Markets are again excited by the idea that we are close to the end of the tightening cycle. The European Central Bank (ECB) said it was important to assess the impact of what has already been done. This time next week, if market expectations are correct, the Federal Reserve (Fed) will have raised its policy rate by 3.75% this year. That is aggressive. It is inevitable that the Fed has to pause soon. US Treasury bond yields have adjusted back to levels more consistent with medium-term nominal GDP growth and look to be fairly valued. Other asset valuation adjustments have been significant but for some equities, with earnings under pressure now, it is not clear that this is enough yet. For now though, bond bulls are again enjoying challenging the hawks.
Back to normality
A chart that I have used many times during my career is one that plots nominal GDP growth against long-term government bond yields. Up until the mid-1990s there was a reasonable fit between bond yields and the medium-term average GDP growth rate. If anything, bond yields averaged slightly below GDP growth – returns from holding government bonds should be in line with economic growth (which largely determines tax revenues), with a slight discount because government bonds are risk-free assets. Yields moved much lower than economic growth rates after the Global Financial Crisis (GFC) as central banks introduced quantitative easing (QE). Investors looking for bond yields to rise because nominal growth was strong were generally disappointed.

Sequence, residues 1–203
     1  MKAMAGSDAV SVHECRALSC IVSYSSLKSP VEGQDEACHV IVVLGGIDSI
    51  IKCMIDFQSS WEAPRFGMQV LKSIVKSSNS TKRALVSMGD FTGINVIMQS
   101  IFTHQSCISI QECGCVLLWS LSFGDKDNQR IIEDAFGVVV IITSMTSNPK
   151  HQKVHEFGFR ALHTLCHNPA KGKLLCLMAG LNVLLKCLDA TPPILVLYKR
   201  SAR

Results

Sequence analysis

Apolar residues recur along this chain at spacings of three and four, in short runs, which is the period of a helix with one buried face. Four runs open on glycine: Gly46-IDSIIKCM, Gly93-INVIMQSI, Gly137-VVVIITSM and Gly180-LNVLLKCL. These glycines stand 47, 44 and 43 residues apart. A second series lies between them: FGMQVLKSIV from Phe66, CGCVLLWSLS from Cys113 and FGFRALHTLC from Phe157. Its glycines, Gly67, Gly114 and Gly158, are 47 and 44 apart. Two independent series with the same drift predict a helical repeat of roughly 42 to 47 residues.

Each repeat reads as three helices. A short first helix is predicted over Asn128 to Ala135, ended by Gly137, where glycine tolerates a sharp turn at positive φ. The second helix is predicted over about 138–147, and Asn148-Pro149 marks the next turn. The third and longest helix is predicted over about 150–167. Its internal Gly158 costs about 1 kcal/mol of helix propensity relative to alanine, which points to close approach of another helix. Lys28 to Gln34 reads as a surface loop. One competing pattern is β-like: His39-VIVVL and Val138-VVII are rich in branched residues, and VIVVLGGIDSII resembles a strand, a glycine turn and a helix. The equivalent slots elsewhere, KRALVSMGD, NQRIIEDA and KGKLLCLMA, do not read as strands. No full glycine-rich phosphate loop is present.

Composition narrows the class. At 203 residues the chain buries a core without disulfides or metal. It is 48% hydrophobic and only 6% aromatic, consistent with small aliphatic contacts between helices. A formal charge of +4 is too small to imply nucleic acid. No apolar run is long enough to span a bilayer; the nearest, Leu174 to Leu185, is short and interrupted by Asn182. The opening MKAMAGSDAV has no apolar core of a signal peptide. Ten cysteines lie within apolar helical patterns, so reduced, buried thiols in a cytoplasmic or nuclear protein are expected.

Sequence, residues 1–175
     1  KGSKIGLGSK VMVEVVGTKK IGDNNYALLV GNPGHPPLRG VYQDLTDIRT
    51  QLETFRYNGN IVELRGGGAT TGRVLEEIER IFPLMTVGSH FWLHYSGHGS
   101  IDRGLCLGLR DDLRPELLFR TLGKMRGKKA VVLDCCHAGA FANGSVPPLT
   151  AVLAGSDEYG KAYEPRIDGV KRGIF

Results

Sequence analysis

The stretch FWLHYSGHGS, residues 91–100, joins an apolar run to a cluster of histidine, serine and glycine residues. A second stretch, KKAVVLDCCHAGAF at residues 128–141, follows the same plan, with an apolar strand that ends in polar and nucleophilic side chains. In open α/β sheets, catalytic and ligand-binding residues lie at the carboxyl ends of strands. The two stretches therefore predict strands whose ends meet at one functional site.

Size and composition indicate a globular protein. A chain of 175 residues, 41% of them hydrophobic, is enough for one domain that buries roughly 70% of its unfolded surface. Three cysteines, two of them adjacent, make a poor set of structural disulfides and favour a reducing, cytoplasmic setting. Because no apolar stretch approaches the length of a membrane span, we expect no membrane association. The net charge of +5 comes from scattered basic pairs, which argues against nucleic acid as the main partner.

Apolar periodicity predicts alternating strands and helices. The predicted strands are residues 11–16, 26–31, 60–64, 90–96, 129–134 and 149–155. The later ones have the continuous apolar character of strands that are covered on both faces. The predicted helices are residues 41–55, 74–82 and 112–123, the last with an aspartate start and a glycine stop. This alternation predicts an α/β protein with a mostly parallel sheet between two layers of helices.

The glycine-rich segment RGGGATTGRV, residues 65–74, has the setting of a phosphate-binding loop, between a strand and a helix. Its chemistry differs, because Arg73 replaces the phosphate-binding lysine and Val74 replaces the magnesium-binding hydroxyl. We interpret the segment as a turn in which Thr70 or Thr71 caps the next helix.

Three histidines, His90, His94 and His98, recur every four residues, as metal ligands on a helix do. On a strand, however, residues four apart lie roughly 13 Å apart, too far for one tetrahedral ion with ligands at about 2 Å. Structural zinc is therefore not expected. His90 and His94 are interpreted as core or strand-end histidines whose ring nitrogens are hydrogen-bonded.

However, after being impacted by QE, this relationship has started to normalise. Bond yields have risen back towards the trend level of nominal growth. In the ten years ending Q1 2020 (on the eve of the COVID pandemic), the average US nominal GDP growth rate was 4.0%. The average of the constant 10-year Treasury yield was 2.3% over the same period. In the previous ten-year period ending Q1 2010, average nominal growth was also 4% and the average yield was 4.4%. Central bank policy after the GFC depressed bond yields.
Assuming there is no more QE, a return of inflation in the US to the 2%-3% range and real GDP growth of 1%-2%, a range for US Treasury yields of 3% to 5% looks reasonable. Treasury yields are 4% today. The expected nominal GDP growth forecast for 2024 from the current Bloomberg consensus is 4%. Take from that what you will but we might be back to a more “normal” level for long-term bond yields. Given where we are in the cycle, there is not a strong case for them moving much higher for now. This week has seen a bullish performance by fixed income. I suspect it continues at least until the next Federal Open Market Committee (FOMC) meeting or even the CPI print. To be sure, the short-end of the curve still looks the best from a risk-return point of view. I repeat the view that total returns for fixed income look much more promising for 2023. In fact, October is looking pretty good!